Hawaii has an open seat for the U.S. Congress this year, yet the race has attracted little attention.

It’s overshadowed by a tight race for the U.S. Senate and a governor’s race that has recently become more competitive.

But there are seven Democrats running to replace Rep. Colleen Hanabusa in the 1st Congressional District, and it’s been difficult to bring them all together for a forum or debate.

Donna Mercado Kim, considered the election’s frontrunner due to her name recognition, years of experience in office, large reservoir of campaign funds and high poll numbers, has tended to avoid joint appearances.

CD1 candidates + June 2014

From left: Honolulu City Councilman Stanley Chang, state Sens. Will Espero and Donna Mercado Kim, Councilman Joey Manahan, state Rep. Mark Takai, Councilman Ikaika Anderson and activist Kathryn Xian at Honolulu Community College, June 28, 2014.

Chad Blair/Civil Beat

That all changed Saturday when Kim, Will Espero, Stanley Chang, Kathryn Xian, Ikaika Anderson, Mark Takai and Joey Manahan met for an hour or so at Honolulu Community College.

What brought them together was a forum sponsored by two important ethnic groups, Korean-Americans and Filipino-Americans. Manahan and Espero are Filipino-Americans while Kim is a Filipino-Korean American. Xian has Korean ancestry.

Filipinos now exceed Japanese-Americans as the single-largest Asian population in Hawaii, and their vote is especially coveted.

First, the “news” from the forum: Each candidate handled herself or himself well. There were no gaffes nor any surprising statements. And no candidate went after a colleague, even though Kim and to a lesser extent Takai are natural targets as leaders in the polls.

Will Espero and Donna Kim CD1 forum

Will Espero and Donna Kim share a light moment before the forum began.

Chad Blair/Civil Beat

The lack of fireworks was probably due in part to the fact that the forum was also narrowly focused on issues of importance to Korean- and Filipino-Americans.

It was no surprise, then, that the seven candidates largely agreed on the need for immigration reform, making college affordable, honoring Filipino veterans from World War II, expanding U.S. opportunities in the Philippines and South Korea and holding a firm line on North Korea aggression.

In fact, the candidates had been provided the top three questions in advance — on foreign policy, helping the Filipino-American community and immigration.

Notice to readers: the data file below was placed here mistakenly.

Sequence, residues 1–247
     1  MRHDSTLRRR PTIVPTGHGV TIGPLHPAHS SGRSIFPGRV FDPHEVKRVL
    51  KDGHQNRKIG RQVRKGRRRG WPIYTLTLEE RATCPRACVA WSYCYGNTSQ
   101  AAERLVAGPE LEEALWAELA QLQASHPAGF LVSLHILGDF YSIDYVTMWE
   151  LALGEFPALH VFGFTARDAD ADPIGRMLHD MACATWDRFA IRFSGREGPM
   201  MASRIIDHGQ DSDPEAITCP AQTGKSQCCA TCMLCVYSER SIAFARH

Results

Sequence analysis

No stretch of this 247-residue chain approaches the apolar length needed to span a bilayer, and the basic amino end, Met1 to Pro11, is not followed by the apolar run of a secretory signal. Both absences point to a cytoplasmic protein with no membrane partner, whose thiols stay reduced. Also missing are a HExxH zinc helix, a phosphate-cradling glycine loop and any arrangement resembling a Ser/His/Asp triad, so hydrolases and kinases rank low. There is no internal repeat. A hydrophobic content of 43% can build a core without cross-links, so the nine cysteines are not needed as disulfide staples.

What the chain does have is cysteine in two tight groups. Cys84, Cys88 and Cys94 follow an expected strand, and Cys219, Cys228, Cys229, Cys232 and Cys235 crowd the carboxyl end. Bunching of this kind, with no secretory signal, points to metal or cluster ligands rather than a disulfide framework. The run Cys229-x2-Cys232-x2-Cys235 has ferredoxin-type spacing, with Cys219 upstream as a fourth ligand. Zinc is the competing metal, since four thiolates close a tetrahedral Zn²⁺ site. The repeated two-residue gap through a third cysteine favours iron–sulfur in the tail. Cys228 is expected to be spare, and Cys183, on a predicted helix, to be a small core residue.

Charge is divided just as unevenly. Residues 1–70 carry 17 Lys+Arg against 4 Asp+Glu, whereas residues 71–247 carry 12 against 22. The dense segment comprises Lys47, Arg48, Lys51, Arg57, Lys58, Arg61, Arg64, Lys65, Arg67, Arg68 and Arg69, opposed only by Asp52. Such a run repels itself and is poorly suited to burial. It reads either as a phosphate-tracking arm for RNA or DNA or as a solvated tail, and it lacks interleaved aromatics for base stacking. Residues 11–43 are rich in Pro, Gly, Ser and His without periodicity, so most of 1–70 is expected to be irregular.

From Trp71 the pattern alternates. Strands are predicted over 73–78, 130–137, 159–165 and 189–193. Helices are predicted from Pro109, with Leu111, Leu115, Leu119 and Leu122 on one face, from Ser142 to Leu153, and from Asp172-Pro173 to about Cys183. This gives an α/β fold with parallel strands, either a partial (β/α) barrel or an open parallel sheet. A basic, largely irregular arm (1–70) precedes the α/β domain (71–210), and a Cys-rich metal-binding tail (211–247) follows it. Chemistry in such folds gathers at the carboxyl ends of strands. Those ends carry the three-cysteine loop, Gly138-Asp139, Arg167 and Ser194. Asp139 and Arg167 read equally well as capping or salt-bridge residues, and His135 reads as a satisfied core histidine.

Mark Takai, Kathryn Xian, CD1 forum

Mark Takai and Kathryn Xian flashing familiar shakas.

Chad Blair/Civil Beat

As such, there were detailed answers, with some candidates even reading from notes.

The one spontaneous moment came when each candidate was handed a sealed envelop to answer an individual question.

Filipinos now exceed Japanese-Americans as the single-largest Asian population in Hawaii, and their vote is especially coveted.

Chang,  Xian, Anderson and Manahan received tougher questions — on trade missions, the tax code, federal programs for long-term care and national education standards.

Espero had it easier. Asked how he would support small businesses, he mentioned all the restaurants he patronizes.

With a son in college and borrowing money, Kim answered her question on student loans in a personalized way.

Takai got a question that might have tripped up some of the other candidates — about Filipino and Korean role models — but he demonstrated his awareness of diversity, citing local educator Amy Agbayani and state Rep. Sylvia Luke.

One Other Joint Forum Scheduled

Kudos to the Korean American Bar Association, the Filipino Chamber of Commerce of Hawaii, the Asian American Junior Chamber of Commerce and Hawaii Korean Chamber of Commerce for being able to do what no other groups have done so far.

Indeed, besides a one-hour appearance July 10 on PBS Hawaii’s “Insights,” no other event has been scheduled for a majority of voters to see the seven Dems side by side.

Ikaika Anderson CD1 forum

Ikaika Anderson prepping for the CD1 forum.

Chad Blair/Civil Beat

That is too bad. Hawaii sends just four people to represent the state in Washington, D.C. It’s an important job, and more voters need to know what they are getting in — and from — their representatives.

They also need to hear from the candidates on a wide range of issues — entitlement programs, the Middle East, veterans affairs and partisan gridlock, to name a few of the more pressing ones. And the candidates should not be provided with questions beforehand.

There are two Republicans and two nonpartisan candidates also running for the CD1 seat. Charles Djou, who briefly served in Washington four years ago, is the leading GOP candidate. He could not attend Saturday’s forum.

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